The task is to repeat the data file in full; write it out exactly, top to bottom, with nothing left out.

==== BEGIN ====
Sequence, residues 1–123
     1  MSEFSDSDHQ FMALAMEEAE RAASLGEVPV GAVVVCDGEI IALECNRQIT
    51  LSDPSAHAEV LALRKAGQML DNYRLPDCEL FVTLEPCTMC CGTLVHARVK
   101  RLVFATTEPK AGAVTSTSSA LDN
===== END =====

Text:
Sequence, residues 1–123
     1  MSEFSDSDHQ FMALAMEEAE RAASLGEVPV GAVVVCDGEI IALECNRQIT
    51  LSDPSAHAEV LALRKAGQML DNYRLPDCEL FVTLEPCTMC CGTLVHARVK
   101  RLVFATTEPK AGAVTSTSSA LDN